I voted to leave the EU in 2016 pretty much because if the circumstances that I found myself in. I'd had my car broken into and nails but in my tyres so I felt very bitter at the time.

However now I'm a bit more clear headed I feel I made the wrong choice and if a second referendum is called I will vote for remain. I sincerely hope that if the situation arises that Corbyn is able to form a coalition to call for a second referendum that he will campaign vigorously to stay in the EU.

Jim Denham said...

A number of points in response to this.

1. The idea of a temporary "one-shot" coalition government to prevent a no-deal Brexit is not, fundamentally, about championing a bourgeois coalition. It is about whether we should rule out Labour forming a government with support from the LibDems, SNP, PC, the remnants of TIG and one Green which may be the only way of stopping a no deal Brexit. Obviously it is not acceptable that this be led by a Labour right-winger or a LibDem (they appear to have realised the weakness of their position with only 14 MPsm a considerable proportion of whom were elected for other parties in 2017). As it turns out, Corbyn’s demand to lead appears to be gaining some grudging acceptance. Whether this might be a minority Labour government or a formal coalition is unclear, but we should demand the former for all the obvious reasons. We should recognise, however, that the willingness of the Labour leadership to propose this is a major step forward (I thought originally that it was a cynical move designed to fail, but it appears to be gaining traction).

2. The LibDems have been strengthened in large part by the Labour leadership’s lack of a clear stance and decisive action on Brexit. Labour now appears to take a firmer stand on no deal and may be able to claw some of this back, but the LibDems have already been strengthened. Would it it would be wrong for Labour to bring down Johnson’s government because the LibDems may do well, and this may give Johnson a majority? But it is surely better that Labour do this than leave the timing of such an election in Johnson’s hands and allow him to deliver a no deal Brexit.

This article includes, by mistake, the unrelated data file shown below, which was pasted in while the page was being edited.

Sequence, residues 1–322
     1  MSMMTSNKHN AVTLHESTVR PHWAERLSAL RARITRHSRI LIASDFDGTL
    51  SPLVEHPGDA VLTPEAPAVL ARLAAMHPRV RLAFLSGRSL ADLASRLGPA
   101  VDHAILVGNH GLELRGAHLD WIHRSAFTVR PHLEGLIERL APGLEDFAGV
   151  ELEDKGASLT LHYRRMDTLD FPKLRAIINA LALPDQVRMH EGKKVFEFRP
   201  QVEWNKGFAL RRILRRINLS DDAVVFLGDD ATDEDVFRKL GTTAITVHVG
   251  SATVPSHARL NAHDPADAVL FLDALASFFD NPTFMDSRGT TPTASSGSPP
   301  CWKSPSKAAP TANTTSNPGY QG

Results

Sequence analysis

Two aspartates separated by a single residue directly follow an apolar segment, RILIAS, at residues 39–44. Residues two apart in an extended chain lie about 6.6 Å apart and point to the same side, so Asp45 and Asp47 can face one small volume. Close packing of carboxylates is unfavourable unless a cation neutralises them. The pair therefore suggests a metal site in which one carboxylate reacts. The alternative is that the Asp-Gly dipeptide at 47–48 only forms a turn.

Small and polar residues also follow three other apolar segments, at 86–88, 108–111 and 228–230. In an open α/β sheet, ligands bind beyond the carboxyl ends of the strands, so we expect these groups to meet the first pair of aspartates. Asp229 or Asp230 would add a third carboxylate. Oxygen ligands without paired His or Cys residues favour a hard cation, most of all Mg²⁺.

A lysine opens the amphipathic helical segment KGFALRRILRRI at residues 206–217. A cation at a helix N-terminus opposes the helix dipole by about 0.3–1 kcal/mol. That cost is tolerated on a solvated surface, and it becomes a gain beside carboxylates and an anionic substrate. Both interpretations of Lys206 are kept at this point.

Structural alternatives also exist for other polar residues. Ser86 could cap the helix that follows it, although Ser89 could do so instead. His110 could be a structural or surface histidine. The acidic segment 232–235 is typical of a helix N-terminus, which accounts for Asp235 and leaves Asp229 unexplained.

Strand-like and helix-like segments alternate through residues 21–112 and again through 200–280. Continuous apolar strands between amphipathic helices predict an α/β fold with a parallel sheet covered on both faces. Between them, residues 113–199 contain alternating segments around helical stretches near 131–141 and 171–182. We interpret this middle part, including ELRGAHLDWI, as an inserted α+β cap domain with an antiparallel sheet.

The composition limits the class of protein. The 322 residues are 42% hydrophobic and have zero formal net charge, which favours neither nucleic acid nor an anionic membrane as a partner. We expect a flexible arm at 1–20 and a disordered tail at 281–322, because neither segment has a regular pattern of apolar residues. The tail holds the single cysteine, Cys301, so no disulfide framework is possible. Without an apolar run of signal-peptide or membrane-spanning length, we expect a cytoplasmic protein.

What's a name between Friends said...

I think Boffy told us the Lib Dems were finished when they went into the Tories, you know those idiots that brought this shit storm in the first place!

I remember thinking at the time this was nonsense and that people would pretty much forget within a few years. So the fact that Boffy now claims their comeback has been destroyed leaves me a little cold.

Incidentally the reason the liberal democrats could go into partnership with the Tories, you know those idiots that actually brought Brexit to us, but cannot stomach going into partnership with Corbyn is because for the Yvette Cooper loving centre left the Tories are much more preferable than Corbyn’s brand of mild social democracy and moreover the difference between the Tories and New Labour is so negligible its hardly worth getting excited about.

No wonder the Blairites are utterly beside themselves with having a leader who represents everything that detest!

“He has wasted three years in pursuit of an impossible reactionary Brexit”

No he didn’t, for one thing he spent numerous hours developing policy, the other thing he was too distracted with the traitors within his own ranks to have wasted everything on brexit! How much time has he had to spend dealing with the Yvette Cooper loving centre left doing everything to topple him.

“during which time he could and should instead have been leading and building a mass social movement to stop Brexit, and to present a progressive internationalist programme as the real solution to workers problems”

How do you link the EU to building any of that? Seriously where is the logic? If anything Corbyn should have been more stringent in his opposition to NATO, support for Palestinians, hostility to imperialist piracy and economic terrorism but then he has tried all of that but was shot down by his own MP’s! Typical that Boffy equates internationalism with the EU but not anti imperialism. I think this tells you everything about this scumbags chauvinistic, pro capitalist policies.

“and would thereby have starved the Liberals, Greens, and Blair-rights of the oxygen they needed to recover.”

Boffy and his alternative history!

“The question now is whether having failed to do that, it is too late”

More pertinently if he does succeed how the hell would the EU ever integrate more closely with Britain inside the tent, thwarting every move at closer integration. I mean the EU parliament would be choc full of Brexit party members. If Boffy thinks the socialist, progressive future hinges on EU membership then he he isn’t just a servile imperialist lackey, he is a deluded idiot to boot.

By the way, I did vote remain so don't blame me for any of this shit!

David Parry said...


'It is obvious rubbish, eg going on about Austerity when the tax take as a percent of GDP is at a multi-decade high'

That doesn't preclude there being austerity.

'McDonnel/Corbyn government will be a complete disaster unless you happen to be a friend of senior people in Labour in which case you can fill your pockets.'

Somehow, I doubt it would be worse than what we have now (i.e. the Tories lining the pockets of their mates at the expense of everyone else). I certainly don't think it would be worse than the mess the Tories look set to cause, what with no deal.

'Just a reminder that real wages are going up for the first time in a decade or so.'

After a decade during which they declined year on year.

'And that's on the back of highest ever number of people in work.'

In absolute terms, when the population's larger than it's ever been. Wow, such a big achievement!